Six Things to Know About ‘Forever Chemicals’

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Almost half the tap water in the United States contains PFAS, a class of chemicals linked to serious health problems. In April the Environmental Protection Agency announced that, for the first time, municipal utilities will have to detect and remove PFAS from drinking water.

Here’s what you need to know.

In 1938 a young chemist working on refrigerants for Dupont accidentally discovered a new compound that was remarkably resistant to water and grease, a finding that would lead to the creation of the Teflon brand of nonstick cookware.

Today there are nearly 15,000 per- and polyfluoroalkyl substances, which collectively go by the acronym PFAS, according to a database maintained by the E.P.A.

The common link is that they have a special bond of carbon and fluorine atoms, making them incredibly strong and resistant to heat, water, oil and dirt. For that reason, PFAS is used for everyday items as varied as microwave popcorn bags, water-repellent clothing and stain-resistant carpets. PFAS are also in firefighting foam, cosmetics, shampoos, toys and even dental floss.

Everywhere, including drinking water. The indestructible nature that makes PFAS useful in some products also makes them harmful to human health. The chemicals are virtually indestructible and do not fully degrade, accumulating in the environment and the human body.

The chemicals are so ubiquitous that they can be found in the blood of almost every person in the country. One recent government study detected PFAS chemicals in nearly half of the nation’s tap water. A global study of more than 45,000 water samples around the world found that about 31 percent of tested groundwater samples that weren’t near any obvious source of contamination had PFAS levels considered harmful to human health.

According to the E.P.A., exposure to PFAS can cause damage to the liver and immune system and also has been linked to low birth weight, birth defects and developmental delays as well as increased risk of some prostate, kidney and testicular cancers. New research published in the past year found links between PFAS exposure and a delay in the onset of puberty in girls, leading to a higher incidence of breast cancer, renal disease and thyroid disease; a decrease in bone density in teenagers, potentially leading to osteoporosis; and an increased risk of Type 2 diabetes in women.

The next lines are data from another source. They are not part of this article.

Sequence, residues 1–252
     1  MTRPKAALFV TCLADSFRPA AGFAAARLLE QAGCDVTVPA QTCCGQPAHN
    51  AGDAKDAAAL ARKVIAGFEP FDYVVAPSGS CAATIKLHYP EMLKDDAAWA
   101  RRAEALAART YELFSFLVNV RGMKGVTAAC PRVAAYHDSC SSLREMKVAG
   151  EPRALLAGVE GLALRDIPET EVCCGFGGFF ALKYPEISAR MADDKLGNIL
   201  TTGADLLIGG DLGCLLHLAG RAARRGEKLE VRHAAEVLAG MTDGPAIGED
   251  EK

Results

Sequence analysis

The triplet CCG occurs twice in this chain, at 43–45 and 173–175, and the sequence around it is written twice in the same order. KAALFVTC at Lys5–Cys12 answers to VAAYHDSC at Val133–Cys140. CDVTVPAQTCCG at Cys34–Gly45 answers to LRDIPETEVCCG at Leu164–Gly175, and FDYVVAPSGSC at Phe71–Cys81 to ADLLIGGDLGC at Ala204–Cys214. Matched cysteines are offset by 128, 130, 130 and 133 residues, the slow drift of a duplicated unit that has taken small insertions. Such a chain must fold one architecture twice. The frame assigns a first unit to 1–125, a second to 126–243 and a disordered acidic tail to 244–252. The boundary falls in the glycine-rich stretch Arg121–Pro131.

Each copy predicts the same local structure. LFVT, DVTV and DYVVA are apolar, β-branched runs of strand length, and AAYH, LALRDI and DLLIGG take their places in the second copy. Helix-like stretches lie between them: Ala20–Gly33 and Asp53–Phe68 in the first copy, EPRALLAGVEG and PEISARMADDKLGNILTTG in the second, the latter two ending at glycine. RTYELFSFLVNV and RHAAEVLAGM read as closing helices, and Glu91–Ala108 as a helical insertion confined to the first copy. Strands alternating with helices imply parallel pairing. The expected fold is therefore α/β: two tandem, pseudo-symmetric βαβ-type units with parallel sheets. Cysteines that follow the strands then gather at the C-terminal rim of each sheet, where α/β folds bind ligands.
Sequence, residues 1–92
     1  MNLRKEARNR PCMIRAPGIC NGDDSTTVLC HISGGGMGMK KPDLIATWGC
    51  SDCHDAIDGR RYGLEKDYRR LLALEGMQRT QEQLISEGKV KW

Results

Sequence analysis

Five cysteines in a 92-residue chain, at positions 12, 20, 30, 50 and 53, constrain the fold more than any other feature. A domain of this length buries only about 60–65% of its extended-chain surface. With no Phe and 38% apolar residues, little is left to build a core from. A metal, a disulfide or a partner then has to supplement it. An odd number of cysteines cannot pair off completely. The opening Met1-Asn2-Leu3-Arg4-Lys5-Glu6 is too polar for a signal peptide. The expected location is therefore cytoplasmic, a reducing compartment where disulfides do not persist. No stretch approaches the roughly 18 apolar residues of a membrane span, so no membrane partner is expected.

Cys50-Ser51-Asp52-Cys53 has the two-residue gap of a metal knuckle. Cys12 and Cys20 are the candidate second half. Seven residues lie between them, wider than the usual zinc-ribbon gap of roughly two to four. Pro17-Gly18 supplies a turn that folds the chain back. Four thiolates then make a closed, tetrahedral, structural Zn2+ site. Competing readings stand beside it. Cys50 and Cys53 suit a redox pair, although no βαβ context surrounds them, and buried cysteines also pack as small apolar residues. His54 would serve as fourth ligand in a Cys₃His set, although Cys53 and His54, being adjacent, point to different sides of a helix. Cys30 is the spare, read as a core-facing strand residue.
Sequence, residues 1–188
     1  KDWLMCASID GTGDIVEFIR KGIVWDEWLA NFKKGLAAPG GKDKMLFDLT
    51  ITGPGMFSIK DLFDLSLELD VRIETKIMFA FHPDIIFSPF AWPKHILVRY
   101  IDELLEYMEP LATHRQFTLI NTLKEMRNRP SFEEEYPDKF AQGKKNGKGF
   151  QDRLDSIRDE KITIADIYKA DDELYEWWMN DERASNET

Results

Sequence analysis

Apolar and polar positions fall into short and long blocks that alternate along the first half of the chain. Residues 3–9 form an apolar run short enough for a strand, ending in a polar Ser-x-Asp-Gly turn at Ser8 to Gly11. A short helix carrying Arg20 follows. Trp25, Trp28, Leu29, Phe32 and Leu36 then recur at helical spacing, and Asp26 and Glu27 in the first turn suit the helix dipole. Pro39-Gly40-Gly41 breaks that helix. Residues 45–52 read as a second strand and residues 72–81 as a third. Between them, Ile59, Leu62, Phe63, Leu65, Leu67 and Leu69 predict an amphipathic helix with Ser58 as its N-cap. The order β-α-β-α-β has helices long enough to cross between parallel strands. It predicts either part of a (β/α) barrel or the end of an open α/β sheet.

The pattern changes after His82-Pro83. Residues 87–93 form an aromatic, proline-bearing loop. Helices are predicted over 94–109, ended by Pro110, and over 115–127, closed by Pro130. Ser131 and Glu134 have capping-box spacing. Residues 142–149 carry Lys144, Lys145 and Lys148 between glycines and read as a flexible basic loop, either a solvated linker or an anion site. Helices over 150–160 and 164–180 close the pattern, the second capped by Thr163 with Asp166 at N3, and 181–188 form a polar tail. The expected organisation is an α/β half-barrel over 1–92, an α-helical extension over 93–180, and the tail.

Many environmental advocates argue that PFAS contamination should have been dealt with long ago.

“For generations, PFAS chemicals slid off every federal environmental law like a fried egg off a Teflon pan,” said Ken Cook, president and co-founder of the Environmental Working Group, a nonprofit advocacy group.

Activists blame chemical companies, which for decades hid evidence of the dangers of PFAS, according to lawsuits and a peer-reviewed study, published in the Annals of Global Health, of previously secret industry documents.

The new E.P.A. rule requires utilities to reduce PFAS in drinking water to near-zero levels.

Not easily. In homes, filters attached to faucets or in pitchers generally do not remove PFAS substances. Under-sink reverse-osmosis systems have been shown to remove most but not all PFAS in studies performed by scientists at Duke University and North Carolina State University.

Municipal water systems can install one of several technologies including carbon filtration or a reverse-osmosis water filtration system that can reduce levels of the chemicals.

It could take years. Under the rule, a water system has three years to monitor and report its PFAS levels. Then, if the levels exceed the E.P.A.’s new standard, the utility will have another two years to purchase and install filtration technology.

But trade groups and local governments are expected to mount legal challenges against the regulation, potentially delaying it even before a court makes a final ruling. And if former President Donald J. Trump were to retake the White House in November, his administration could also reverse or weaken the rule.